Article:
Gay Street 225 now and then

Unless they just dwindle away, all towns get to celebrate a 225th anniversary. Knoxville's long history is more interesting than most, and in ways most Knoxvillians probably aren't used to thinking about. Although we've been a modest wallflower among American cities, Knoxville has repeatedly played major roles in American history ever since the days of the U.S. Constitution. Which, by the way, one of Knoxville's founders signed.

Knoxville, once headquarters to an important railroad, was once an industrial city, important to the national manufacture of flour, socks, weaponry, mantels, Plexiglas, T-shirts, railroad cars, and Dumpsters, which were invented here. It was a distribution center for the Southeastern United States. Knoxville dealt in lumber, coal, iron, glass, bricks, pork, coffee, cotton, wool, and giant dams, planned and constructed for the Tennessee Valley Authority, which so amazed the world that major architects, philosophers, journalists, and heads of state traveled to Knoxville just to behold it.

It was a working city, practical in many ways, but the people who came here to work brought culture. James Agee, grandson of a Knoxville machinery manufacturer from Michigan, and Cormac McCarthy, son of a lawyer from Rhode Island who came here in the 1930s to work for the Tennessee Valley Authority, became two of America's great authors, and wrote extensively about their home towns. As it turned out, Knoxville is an especially interesting subject to write about, as many others, including Nikki Giovanni, David Madden, Richard Marius, Rick Yancey and others have discovered.  

A young violinist from Cincinnati started a group of musicians who eventually formed what's now the South's oldest symphony orchestra. A railroad worker who learned to play fiddle from a local mechanic popularized a new form called country music (and introduced a new instrument called the dobro). Another kid from rural Union County learned to play guitar as no one else had before, and moved to Knoxville to do it on our radio stations. Meanwhile a couple of brothers experimented with the blues form, advancing it toward something new called rock'n'roll. Then another couple of brothers from Iowa followed, lending their harmonies to that new form. Then a remarkable girl from the hills of Sevier County came to town to add her singular voice and songwriting talents to popular music.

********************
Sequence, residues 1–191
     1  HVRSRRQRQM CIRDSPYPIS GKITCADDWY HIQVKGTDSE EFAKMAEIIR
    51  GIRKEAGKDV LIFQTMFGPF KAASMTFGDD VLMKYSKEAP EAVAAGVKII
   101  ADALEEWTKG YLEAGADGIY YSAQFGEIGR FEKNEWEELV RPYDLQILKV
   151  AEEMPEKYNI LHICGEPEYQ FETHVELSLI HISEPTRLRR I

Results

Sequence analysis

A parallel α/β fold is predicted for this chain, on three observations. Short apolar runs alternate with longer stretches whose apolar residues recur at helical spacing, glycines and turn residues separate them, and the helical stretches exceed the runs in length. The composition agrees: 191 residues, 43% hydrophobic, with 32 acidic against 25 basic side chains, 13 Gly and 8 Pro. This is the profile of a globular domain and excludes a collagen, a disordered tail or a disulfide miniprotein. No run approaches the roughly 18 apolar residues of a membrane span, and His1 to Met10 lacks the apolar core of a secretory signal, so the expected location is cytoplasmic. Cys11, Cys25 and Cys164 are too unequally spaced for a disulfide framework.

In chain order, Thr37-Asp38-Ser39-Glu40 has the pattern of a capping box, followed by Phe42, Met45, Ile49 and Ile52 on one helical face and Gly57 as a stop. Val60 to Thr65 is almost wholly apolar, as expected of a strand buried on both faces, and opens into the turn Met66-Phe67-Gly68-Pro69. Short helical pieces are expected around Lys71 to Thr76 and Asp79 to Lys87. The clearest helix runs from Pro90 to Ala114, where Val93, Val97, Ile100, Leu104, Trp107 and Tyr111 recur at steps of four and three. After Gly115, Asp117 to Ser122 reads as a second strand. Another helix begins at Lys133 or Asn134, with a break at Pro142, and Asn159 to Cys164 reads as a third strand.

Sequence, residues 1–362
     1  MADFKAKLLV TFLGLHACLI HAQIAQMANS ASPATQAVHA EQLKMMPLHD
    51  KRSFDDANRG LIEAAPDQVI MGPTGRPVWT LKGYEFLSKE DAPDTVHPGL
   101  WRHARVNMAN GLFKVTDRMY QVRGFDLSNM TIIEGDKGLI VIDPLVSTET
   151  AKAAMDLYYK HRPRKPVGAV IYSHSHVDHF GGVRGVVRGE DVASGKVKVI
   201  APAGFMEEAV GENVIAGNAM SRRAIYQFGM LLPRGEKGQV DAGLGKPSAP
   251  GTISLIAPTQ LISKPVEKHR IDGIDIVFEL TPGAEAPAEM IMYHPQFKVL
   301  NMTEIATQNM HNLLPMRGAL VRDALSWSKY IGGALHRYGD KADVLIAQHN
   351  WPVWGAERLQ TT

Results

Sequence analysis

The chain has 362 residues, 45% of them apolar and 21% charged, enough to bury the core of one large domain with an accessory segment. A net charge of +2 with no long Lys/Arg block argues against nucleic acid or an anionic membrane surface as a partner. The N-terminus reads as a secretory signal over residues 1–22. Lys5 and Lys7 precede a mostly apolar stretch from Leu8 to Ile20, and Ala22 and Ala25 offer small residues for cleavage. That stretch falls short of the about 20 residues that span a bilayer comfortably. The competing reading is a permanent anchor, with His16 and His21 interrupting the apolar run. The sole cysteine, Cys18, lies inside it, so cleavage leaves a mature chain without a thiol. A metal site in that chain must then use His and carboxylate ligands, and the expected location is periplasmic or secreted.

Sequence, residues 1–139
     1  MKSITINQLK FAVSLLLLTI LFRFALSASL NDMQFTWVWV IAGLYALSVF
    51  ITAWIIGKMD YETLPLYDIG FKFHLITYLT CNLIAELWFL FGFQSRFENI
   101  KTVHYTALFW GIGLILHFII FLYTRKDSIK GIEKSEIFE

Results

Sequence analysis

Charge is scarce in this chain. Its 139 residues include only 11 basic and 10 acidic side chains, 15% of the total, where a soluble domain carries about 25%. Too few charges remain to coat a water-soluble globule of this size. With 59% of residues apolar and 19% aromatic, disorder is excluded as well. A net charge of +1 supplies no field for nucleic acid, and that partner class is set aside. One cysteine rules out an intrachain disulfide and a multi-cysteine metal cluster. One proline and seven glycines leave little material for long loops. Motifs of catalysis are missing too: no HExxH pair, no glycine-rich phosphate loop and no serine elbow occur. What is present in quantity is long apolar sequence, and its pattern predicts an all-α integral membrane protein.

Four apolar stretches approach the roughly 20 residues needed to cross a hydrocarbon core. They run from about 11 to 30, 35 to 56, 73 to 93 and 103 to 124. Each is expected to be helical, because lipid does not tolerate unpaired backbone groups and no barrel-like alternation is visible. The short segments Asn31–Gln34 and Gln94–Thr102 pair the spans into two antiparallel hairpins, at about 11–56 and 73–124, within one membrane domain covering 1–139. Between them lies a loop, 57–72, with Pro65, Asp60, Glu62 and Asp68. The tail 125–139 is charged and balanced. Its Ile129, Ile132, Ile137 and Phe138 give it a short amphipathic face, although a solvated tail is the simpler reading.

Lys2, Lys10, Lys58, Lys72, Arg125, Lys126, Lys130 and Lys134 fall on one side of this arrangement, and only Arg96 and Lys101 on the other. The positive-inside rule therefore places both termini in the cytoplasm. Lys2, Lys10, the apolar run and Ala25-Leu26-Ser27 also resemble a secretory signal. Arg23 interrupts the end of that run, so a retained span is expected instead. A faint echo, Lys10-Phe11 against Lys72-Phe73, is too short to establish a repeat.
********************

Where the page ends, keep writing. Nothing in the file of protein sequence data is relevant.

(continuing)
It's a great year to talk about local music, by the way, with the Knoxville Stomp coming up in early May, celebrating rare and interesting jazz, blues, country, gospel, and novelty recordings made at the St. James Hotel on Wall Avenue in 1929-30, released for the first time together as part of an international project called the Knoxville Sessions. 

Knoxville has also played a key role in American politics, serving as the birthplace of one of America's first new states and, for a long time, as that state's capital. For half a century local suffragists exhorted men to allow women to vote, and as it turned out, Tennessee turned the national tide in that regard. It's a presidential election year, and several former Knoxvillians have been contenders for the nation's highest office.

The first was Senator Hugh Lawson White, and as it happened, his reluctant candidacy, the only one ever to be publicly supported by both Davy Crockett—who didn't ultimately get to vote, because he died at the Alamo—and a young attorney in Illinois named Abraham Lincoln. White's rebellion against President Jackson helped spur the formation of the Whig Party, and arguably America's modern two-party system. He's buried in downtown Knoxville, near that signer of the U.S. Constitution. 

And along the way, Knoxville and Knoxvillians has been intimately involved in the American conservation movement, with higher education on the frontier, with the evolution of the popular-music recording industry, with the development of objective journalism, with Victorian architecture and abstract expressionism. 

These are all Knoxville stories. We'll talk about those and many other stories this year, the stories that make Knoxville different from other cities, and that make it important to American history. I'm looking forward to it.